Sunday, December 21, 2008
More photography related: I have been fooling around lately with a program for converting 2-D to 3-D images(anaglyphs) while awaiting arrival of a beam splitter for making true stereoscopic image pairs with my digital SLR. Here is a photo of a portion of the Taj Mumbai that I took in 2006. I converted it to 3-D using the program, which created a file of nearly 12 MB that I then resampled in Photoshop. It's not truly eye-popping, but I think it's not bad either. If you have a pair of 3-D glasses preferably red-blue (rather than red-cyan and definitely not red-green) you will get a nice effect with nearly true rendering of colors. If you don't have any glasses, even the cardboard kind, try putting an R60 infrared filter over your left eye and an 80A blue filter over your right eye --- it will work!
Friday, December 19, 2008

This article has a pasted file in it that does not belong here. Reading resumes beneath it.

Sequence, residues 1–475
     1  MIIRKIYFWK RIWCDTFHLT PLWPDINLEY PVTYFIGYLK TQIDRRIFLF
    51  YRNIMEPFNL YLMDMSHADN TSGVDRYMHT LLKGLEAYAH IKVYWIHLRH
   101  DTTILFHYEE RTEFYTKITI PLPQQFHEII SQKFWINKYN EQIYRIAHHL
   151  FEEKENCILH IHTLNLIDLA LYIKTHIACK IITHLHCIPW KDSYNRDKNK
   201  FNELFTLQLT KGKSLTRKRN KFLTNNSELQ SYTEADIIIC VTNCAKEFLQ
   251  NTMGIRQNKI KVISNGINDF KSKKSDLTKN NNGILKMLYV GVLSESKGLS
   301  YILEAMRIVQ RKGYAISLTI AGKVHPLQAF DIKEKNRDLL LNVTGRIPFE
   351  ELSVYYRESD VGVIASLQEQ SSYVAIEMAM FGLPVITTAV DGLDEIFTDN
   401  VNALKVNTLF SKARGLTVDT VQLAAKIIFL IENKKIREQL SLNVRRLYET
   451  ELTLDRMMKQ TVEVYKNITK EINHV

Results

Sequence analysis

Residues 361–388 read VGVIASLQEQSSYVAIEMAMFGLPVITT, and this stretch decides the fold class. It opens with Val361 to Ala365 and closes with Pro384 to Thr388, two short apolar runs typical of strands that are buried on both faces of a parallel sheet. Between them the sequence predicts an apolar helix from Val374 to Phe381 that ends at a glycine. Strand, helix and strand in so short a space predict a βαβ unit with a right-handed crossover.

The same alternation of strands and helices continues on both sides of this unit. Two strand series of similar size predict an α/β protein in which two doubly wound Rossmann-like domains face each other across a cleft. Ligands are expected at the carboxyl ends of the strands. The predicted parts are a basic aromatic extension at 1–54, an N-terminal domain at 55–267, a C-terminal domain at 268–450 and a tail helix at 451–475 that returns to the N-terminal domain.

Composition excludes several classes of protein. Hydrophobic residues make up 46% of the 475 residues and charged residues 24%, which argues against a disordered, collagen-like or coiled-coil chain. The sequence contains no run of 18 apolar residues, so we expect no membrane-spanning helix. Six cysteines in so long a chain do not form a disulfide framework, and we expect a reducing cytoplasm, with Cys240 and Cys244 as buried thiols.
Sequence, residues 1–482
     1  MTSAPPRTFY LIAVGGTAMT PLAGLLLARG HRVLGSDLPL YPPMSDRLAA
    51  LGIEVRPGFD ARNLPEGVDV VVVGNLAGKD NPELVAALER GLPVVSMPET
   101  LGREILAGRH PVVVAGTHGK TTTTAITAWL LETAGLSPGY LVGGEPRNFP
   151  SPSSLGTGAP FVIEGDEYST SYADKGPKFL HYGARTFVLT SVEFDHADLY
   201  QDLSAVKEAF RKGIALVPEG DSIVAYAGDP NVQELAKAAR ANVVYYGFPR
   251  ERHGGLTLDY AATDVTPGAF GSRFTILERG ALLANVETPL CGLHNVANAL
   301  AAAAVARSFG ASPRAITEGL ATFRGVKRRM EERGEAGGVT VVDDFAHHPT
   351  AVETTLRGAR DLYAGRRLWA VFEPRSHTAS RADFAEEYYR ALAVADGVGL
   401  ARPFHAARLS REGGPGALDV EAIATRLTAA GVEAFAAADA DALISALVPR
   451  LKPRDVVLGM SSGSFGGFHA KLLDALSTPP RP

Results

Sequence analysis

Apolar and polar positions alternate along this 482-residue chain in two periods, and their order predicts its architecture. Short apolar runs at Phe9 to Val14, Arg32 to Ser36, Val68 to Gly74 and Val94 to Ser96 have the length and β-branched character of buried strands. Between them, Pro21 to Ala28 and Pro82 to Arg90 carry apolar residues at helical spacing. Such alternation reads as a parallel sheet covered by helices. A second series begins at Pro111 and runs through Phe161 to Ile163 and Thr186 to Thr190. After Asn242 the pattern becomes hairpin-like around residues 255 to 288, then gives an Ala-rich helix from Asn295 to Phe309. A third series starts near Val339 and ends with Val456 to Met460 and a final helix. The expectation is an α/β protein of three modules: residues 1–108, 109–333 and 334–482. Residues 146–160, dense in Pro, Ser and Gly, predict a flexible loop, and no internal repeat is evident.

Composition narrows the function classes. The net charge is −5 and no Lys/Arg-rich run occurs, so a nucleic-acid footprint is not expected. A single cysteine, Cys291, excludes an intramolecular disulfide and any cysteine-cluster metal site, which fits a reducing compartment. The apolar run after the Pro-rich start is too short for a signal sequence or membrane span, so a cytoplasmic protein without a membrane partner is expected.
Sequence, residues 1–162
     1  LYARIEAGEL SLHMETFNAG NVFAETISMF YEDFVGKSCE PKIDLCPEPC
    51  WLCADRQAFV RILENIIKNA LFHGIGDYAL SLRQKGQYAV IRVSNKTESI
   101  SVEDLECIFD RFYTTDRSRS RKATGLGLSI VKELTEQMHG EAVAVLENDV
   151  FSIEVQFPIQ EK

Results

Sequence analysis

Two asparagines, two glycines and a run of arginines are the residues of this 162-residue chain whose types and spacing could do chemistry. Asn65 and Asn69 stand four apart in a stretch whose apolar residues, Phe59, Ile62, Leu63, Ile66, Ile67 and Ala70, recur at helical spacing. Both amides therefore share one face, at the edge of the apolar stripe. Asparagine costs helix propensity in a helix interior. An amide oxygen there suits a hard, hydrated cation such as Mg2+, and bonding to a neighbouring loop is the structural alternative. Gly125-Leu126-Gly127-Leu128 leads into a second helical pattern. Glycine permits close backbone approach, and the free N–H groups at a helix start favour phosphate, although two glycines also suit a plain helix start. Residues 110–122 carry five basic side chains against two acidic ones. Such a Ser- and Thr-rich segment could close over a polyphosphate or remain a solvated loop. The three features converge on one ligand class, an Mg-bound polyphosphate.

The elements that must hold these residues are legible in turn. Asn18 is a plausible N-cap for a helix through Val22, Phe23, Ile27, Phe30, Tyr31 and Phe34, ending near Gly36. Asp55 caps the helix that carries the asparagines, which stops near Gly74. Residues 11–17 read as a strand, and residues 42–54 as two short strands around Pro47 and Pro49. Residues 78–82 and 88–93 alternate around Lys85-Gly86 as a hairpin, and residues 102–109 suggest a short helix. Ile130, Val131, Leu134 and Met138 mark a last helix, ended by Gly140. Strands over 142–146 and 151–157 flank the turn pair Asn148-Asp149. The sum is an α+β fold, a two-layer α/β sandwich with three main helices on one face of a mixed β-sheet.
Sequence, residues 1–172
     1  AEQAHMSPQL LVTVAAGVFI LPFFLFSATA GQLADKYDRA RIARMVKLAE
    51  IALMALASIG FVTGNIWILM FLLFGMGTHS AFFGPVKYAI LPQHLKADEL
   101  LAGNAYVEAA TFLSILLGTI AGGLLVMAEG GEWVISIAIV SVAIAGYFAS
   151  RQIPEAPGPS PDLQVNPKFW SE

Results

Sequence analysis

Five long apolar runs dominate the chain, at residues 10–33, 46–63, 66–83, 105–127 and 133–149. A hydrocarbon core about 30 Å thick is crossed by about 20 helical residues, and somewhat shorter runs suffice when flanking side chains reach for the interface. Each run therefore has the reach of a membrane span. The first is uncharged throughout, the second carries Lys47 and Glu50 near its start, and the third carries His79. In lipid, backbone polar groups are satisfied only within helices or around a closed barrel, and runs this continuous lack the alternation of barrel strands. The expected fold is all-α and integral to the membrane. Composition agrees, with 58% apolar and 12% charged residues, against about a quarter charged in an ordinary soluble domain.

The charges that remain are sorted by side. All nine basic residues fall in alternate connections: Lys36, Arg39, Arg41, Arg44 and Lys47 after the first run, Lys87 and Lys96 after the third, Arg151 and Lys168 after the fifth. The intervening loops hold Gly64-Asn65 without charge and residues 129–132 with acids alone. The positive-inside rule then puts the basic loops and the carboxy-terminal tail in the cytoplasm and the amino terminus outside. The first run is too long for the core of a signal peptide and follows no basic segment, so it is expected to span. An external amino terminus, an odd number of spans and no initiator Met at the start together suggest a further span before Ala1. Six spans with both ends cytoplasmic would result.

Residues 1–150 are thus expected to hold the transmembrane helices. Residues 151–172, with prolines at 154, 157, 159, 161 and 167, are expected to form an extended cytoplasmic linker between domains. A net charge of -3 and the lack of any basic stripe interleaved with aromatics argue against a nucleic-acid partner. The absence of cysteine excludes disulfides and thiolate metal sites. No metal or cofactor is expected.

Another food and globalization post. I recently read of attempts by people to encourage a mass boycott of food products from Israel. Of course, boycotting Israel and boundless hatred for it is old-hat. I won't start on comparing/contrasting/weighing the rights and wrongs of Israel/Palestine versus the sum total of atrocities commmitted between 1937 and 1945, the Soviet Union pre-Kruschev, Mao's China in the late 50's and 60's-early 70's, genocidal conflicts in Africa and southeastern Europe, the Partition of the Punjab in 1947, Saddam's Iraq, the current imploding of Zimbabwe, and so on and so on. Such "weighing" is itself irrational and unjust. But I don't mind at all seeing the Israeli food products right next to products from Lebanon, Syria, and even first quality "Mecca Dates" from Saudi Arabia on the shelves of the ethnic grocery store. On the other hand, I do hate to think that this is the only place where their producers will ever peacefully coexist. What a shame, selfish hatreds. Can't stand it, can't stand the people who perpetuate them. Does that make me a hater too?